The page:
When I first started following English football, the League Cup was the competition I had the most trouble wrapping my head around. The FA Cup, but not, and with fewer teams. When Liverpool played Manchester City in the 2016 Final I was still trying to figure out what to make of the competition and decided it was the Gator Bowl to the FA Cup’s Rose Bowl, with the Premier League and European Final serving as Super Bowls. I was so green then, but I still rather like that metaphor (even if it did little to dull the pain of losing a trophy on a freaking penalty shootout).
In the years since I’ve become rather bemused by the tournament. Six rounds of single elimination with a two-legged semi-final? Okay…. offering £100,000 in prize money for the tournament winner and then not moving Liverpool’s quarterfinal with Aston Villa and acting surprised that Liverpool instead went to Qatar where the Reds were guaranteed $2,000,000 for getting off the plane, and could (and did) get $5,000,000 for winning it? The lack of self-awareness was hilarious.
Its quirkiness became its defining feature in my mind when I learned its origin story. When English stadiums got the floodlights we take for granted now at the start of the 1960s, the Football League saw an opportunity. Playing midweek games under the lights meant more butts in seats and would thus be a big boost to football revenues. As the Champions League grew it took over those slots with more prestige and TV money – because TV rights deals have made match day revenue small potatoes – the Cup endured. So now we have a 1960s business model running around the 21st Century calling itself a major trophy? You can’t make this stuff up!!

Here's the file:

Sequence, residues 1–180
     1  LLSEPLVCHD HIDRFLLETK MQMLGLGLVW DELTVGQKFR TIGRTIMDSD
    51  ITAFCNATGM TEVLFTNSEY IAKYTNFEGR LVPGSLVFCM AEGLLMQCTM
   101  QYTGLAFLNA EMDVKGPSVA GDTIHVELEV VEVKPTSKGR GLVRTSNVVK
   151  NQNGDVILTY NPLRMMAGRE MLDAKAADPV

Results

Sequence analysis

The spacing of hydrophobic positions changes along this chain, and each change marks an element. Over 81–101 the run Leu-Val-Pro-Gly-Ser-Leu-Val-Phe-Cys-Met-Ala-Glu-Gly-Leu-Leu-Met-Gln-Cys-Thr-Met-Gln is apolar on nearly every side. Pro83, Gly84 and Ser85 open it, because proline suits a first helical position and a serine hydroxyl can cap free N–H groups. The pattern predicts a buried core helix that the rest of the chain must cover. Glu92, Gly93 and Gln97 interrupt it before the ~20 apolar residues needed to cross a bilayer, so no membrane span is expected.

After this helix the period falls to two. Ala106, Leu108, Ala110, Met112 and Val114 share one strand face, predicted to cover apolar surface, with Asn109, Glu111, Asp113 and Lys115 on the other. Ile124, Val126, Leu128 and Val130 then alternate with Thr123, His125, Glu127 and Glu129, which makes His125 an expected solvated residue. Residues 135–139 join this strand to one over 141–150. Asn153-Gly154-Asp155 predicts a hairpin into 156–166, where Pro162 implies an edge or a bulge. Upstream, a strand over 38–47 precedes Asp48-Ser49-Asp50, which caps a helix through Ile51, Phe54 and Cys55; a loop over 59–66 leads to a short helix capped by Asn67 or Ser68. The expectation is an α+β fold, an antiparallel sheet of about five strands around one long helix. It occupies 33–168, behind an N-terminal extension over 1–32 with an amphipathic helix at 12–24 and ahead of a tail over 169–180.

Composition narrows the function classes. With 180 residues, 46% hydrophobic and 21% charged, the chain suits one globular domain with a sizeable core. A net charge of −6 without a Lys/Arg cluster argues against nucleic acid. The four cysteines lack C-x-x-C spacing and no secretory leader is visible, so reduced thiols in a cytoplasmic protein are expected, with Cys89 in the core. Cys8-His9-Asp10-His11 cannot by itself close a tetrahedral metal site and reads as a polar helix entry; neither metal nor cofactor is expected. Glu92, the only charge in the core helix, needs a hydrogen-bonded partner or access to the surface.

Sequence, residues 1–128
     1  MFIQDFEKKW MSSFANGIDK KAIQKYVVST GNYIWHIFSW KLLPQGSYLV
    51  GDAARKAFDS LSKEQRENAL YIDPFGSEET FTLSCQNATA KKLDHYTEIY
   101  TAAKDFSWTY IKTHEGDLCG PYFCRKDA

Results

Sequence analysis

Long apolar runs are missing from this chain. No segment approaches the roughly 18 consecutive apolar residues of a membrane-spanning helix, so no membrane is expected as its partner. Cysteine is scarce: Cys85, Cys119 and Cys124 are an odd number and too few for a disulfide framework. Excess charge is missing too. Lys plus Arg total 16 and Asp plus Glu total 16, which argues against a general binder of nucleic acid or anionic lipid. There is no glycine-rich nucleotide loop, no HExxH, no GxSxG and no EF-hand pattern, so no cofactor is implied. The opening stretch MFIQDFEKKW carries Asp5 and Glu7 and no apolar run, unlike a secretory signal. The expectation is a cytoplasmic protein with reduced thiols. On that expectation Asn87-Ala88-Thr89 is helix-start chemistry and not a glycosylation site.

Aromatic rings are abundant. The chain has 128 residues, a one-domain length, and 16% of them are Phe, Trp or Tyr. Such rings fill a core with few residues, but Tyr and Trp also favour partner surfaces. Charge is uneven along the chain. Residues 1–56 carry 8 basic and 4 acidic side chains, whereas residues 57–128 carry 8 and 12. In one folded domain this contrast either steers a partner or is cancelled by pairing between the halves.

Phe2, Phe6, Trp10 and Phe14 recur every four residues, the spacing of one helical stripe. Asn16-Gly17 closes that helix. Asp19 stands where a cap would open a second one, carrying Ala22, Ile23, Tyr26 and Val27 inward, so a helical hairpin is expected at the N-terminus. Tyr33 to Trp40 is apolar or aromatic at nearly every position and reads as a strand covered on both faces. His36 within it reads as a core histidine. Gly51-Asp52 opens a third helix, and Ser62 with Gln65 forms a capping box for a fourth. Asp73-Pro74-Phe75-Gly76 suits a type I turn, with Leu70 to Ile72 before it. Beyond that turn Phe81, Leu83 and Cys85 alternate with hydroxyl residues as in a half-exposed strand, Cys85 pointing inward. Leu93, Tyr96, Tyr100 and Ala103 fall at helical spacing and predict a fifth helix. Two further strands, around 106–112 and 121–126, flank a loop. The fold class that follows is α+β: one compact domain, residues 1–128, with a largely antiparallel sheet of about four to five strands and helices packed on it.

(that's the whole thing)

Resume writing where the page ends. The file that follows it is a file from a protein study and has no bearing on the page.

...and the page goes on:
Leave it to Manchester City…
To make me want to win a trophy I usually would chuckle at. City’s winning four straight League Cups (and six of eight) made me hate watching Pep inflate his trophy count with so many soft draws that it’s hard to believe Meyer Wolfsheim isn’t Sheik Mansour’s business partner. With each one, I more deeply wished we could grab it on the way to bigger glories and keep the Pep v Klopp trophy score within the margin of error. So with each passing round, I’ve found myself saying “okay, let’s take it seriously now. Let’s do it this time!” louder and louder. Now that the final is on offer against Chelsea, I’m awaiting the game with an eagerness usually reserved for a Manchester club or one of those fabled European nights. There’s a shiny piece of silverware waiting at Wembley, let’s go win it!!!